Fourth, ~ ALL the hair goes…which I’ve discussed before…so that’s kinda cool!

Fifth ~ I do love a scarf and just think of all the great ones I can purchase now “they are a necessity, honey!”

And finally ~ BALD IS BEAUTIFUL (at least I friggin’ hope it is).  It shows I’m a warrior, a fighter.  And, as my lovely friend, Paige reminded me yesterday – it means the chemo is working.  Yes, dear, it does.

My next two rounds of Chemo are going to be on Wednesday’s – August 13 & 27 to be exact if anyone would like to join us.  After that there will be a new PET Scan and we’ll schedule the rest of the treatments – one chemo drug once a week for 12 weeks (right now I’m getting 2 drugs each session).  I’m hoping we’ll only take the regular one week off in between and get right into the next 12 weeks.  I want to barrel through this and just be done.  Finished.  Complete.  The sooner the better.  “The faster we run the faster we’re done!!”

Welp, that’s about it gang.  I do have more pink bracelets if anyone wants one (or more).  Just message me your address and I’ll get them sent out.  In return, I ask you send a photo of you sporting the goods to me so I can put it in my scrapbook.    Thanks to all of those who’ve gotten them and sent me a pic – this scrapbook is going to be lengen (wait for it) dary!  *Kisses*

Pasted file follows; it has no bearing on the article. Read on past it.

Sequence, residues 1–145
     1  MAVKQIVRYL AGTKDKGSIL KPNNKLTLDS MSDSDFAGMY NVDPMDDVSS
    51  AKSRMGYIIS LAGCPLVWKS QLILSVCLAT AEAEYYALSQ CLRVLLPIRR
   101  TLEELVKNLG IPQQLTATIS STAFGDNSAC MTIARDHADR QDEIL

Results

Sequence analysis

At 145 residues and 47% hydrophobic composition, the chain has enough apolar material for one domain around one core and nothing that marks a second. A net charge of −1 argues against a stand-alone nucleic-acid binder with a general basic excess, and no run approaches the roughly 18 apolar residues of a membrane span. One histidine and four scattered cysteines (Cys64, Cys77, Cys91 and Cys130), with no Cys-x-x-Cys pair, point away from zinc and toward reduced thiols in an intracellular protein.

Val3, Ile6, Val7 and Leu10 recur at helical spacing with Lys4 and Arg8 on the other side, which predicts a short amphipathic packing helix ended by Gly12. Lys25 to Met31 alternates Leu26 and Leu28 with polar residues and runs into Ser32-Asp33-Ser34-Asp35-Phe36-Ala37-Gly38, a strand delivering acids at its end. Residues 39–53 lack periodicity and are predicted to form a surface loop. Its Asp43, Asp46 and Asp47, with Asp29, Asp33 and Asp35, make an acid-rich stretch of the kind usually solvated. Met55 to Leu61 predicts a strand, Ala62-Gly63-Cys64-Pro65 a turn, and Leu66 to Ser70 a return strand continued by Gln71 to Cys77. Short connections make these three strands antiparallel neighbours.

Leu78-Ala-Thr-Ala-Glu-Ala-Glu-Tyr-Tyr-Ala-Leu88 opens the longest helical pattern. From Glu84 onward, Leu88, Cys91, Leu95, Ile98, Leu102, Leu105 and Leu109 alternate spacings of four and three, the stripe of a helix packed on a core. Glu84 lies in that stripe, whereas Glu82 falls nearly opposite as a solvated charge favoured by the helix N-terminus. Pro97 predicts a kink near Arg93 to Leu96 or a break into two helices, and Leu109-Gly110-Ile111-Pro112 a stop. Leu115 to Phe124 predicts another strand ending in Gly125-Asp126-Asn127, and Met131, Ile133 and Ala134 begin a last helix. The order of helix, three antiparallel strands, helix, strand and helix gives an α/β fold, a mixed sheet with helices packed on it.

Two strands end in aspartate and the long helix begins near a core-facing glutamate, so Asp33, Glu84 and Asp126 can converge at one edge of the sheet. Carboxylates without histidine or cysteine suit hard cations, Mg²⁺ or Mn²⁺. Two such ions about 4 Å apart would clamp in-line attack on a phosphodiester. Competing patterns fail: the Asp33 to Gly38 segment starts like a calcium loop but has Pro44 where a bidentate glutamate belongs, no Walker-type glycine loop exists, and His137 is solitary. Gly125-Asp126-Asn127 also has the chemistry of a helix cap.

OH, one final note to my virtual friends from all over the world – A BIG, HUGE, GIANT ((HUG)) and thank you to you all.  You’ve made me smile when I didn’t think it was possible and brought me joy simply through typing words to me on Twitter, Kik and Facebook.  I’m continuously amazed by your support.  I love you dearly and appreciate you even more.

Until next time ~ “…not all great acts of courage are obvious to those looking in from the outside.” -Archer’s Voice by Mia Sheridan


JULY 30, 2014

I haven’t updated the ‘ol blog in a while because quite frankly, there’s not much to report…which is actually really great news!  But let’s see…I’m sure I can think of a few things ~~

Since the last time we spoke – I’ve been doing my best to remain strong, healthy, positive and smiling (all of which I’ve been able to mange for the most part). Since Chemo Treatment #1 I’ve felt remarkably fine. No nausea. No aching. No extreme fatigue. The only real “side effect” has been headaches which have been taken care of my extra strength Tylenol. My appetite has been fantastic…I know this because I can’t stop eating and I’ve actually GAINED two pounds (Good Lord Almighty).

There’s been a few days when my tough exterior has slipped and I’ve allowed myself some tears and naps. I’m damn lucky that I can still get out and power walk…now is not the time for tears – now is the time for fighting!! *BOOM*POW* I usually feel much more centered after I walk it out.